The civilian reformers, who used to dominate the CNT, were not surprised at the treachery of the army officers, but were dismayed by the incorrigible attitudes of these officers. Most Mali voters reacted the same way. The new military-dominated CNT pledges to organize elections on time (early 2022) is seen as another scam. There are growing doubts among foreign aid donors and even many locals that the latest coup will solve any problems, and more likely create new ones.
July 2, 2021: France has lifted its June 3rd ban on cooperation with the Mali military because of the May coup. France took an active role in assisting its former (until the 1960s) colonies and were admired for that attitude because it has done better than doing nothing. France continues to offer university educations for promising students from the francophone (French speaking) students. This has created a large number of African politicians, business owners and military officers that French diplomats, reporters or tourists can talk to. Francophone Africans know the history and continuing tradition of corruption in France, but also realize the situation is worse in Africa and that is connected to less economic success in Africa. There are no easy solutions but at least the French have maintained discussions about it, often by French and African graduates of the same universities.
June 29, 2021: The UN has lifted its suspension on economic aid for Mali. The suspension was imposed after the May 24 coup. ECOWAS (Economic Community of 15 West African States) also suspended cooperation with Mali and has not lifted it yet.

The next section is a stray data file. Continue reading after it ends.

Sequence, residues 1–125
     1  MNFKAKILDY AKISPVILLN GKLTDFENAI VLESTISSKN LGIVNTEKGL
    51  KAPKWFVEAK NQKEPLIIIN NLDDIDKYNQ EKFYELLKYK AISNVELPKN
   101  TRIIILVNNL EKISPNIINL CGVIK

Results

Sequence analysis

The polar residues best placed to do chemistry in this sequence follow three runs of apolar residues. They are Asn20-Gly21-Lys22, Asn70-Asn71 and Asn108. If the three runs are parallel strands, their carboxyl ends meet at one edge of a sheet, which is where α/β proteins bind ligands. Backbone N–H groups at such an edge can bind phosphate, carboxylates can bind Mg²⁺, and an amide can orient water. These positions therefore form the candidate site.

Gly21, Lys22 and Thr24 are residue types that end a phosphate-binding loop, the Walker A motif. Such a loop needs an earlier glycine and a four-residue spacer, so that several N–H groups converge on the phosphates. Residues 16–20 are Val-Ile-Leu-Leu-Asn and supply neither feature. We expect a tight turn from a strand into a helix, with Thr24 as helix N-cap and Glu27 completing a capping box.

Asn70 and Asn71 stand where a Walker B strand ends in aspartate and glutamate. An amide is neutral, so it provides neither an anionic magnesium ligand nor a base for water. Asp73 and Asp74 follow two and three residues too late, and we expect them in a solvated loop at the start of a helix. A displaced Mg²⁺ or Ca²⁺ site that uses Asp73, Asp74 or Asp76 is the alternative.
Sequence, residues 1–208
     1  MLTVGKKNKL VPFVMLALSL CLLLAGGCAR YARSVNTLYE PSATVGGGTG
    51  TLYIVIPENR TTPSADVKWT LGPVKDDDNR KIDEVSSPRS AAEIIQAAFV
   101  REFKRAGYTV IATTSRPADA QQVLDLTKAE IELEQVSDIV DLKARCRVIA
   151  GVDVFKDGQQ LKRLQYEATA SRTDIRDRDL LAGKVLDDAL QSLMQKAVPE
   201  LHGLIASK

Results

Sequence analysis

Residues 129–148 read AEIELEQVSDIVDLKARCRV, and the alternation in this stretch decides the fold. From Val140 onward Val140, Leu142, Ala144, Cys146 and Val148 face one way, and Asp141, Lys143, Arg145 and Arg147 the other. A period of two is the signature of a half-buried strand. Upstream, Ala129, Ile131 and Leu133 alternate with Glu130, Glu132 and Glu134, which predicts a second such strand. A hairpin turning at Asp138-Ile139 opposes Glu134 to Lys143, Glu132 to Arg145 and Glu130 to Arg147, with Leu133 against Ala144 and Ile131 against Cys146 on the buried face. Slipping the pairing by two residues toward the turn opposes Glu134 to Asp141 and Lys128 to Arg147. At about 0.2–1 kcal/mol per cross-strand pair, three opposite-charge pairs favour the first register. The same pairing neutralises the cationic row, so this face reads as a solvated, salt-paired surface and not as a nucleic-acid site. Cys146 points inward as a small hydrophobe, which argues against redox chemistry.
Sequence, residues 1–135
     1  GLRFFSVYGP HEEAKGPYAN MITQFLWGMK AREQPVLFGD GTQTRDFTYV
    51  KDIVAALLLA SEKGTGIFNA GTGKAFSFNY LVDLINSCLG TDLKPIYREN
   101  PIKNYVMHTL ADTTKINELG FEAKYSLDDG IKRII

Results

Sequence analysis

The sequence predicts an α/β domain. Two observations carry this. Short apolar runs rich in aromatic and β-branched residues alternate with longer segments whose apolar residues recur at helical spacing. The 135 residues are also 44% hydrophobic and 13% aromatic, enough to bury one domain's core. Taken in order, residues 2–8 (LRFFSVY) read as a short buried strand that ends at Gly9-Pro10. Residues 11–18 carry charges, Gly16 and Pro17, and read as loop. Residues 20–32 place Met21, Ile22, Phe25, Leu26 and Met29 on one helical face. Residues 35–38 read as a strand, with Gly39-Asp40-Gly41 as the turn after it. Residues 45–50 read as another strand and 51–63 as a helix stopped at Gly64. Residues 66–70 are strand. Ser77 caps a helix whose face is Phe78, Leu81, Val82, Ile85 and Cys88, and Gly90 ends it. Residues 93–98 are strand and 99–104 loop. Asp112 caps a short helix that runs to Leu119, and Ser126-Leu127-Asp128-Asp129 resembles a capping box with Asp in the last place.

June 25, 2021: In the north (outside Gao) ISIL (Islamic State in Iraq and the Levant) forces carried out a car bomb attack on a temporary peacekeeper base. Thirteen European peacekeepers were wounded. This took place near the tri-border area where the borders of Mali, Niger and Burkina Faso meet. Most Islamic terrorist violence has been in the tri-border area. The Mali portion of the tri-border area was the original hot spot for Islamic terrorism in central Africa, predating the rapid growth, and decline of Boko Haram violence in northeast Nigeria between 2013 and 2016. Many Islamic terror groups prefer the tri-border area because they can escape a major counterterror operation in one country by just crossing the border. Since 2018 there have been two ISIL “provinces” in central Africa. The smaller one was ISGS (Islamic State in Greater Sahara), which showed up in 2018. ISGS is currently active in Mali, Burkina Faso and Niger. The other, slightly older and larger, ISIL province was ISWAP, which is actually a faction of the Nigerian Boko Haram Islamic terrorists who had been around since 2004. ISWAP personnel are mostly in northeastern Nigeria as well as smaller numbers in Chad, Niger and northern Cameroon.
In central Mali, local Islamic terrorists affiliated with al Qaeda used a roadside bomb to kill six Mali soldiers.
June 21, 2021: In central Mali armed men kidnapped five Catholics, including a clergyman, who were driving to a funeral. The five were released two days later, apparently because the kidnappers only wanted the car, and did not want to get involved with kidnapping or murder. Only about four percent of the population is Roman Catholic and they tend to live in Catholic neighborhoods in cities and largely Catholic villages in rural areas. Killing or kidnapping local Catholics is usually carried out by ISIL members, but in central Mali al Qaeda affiliated Islamic terrorists are usually the culprit. Catholics generally fetch larger ransoms than local Moslems.
Elsewhere in Central Mali a suicide car bomber attacked a French recon patrol, wounding six soldiers and four civilians.
June 10, 2021: France announced that it was ending its large-scale Operation Barkhane counterterrorism effort.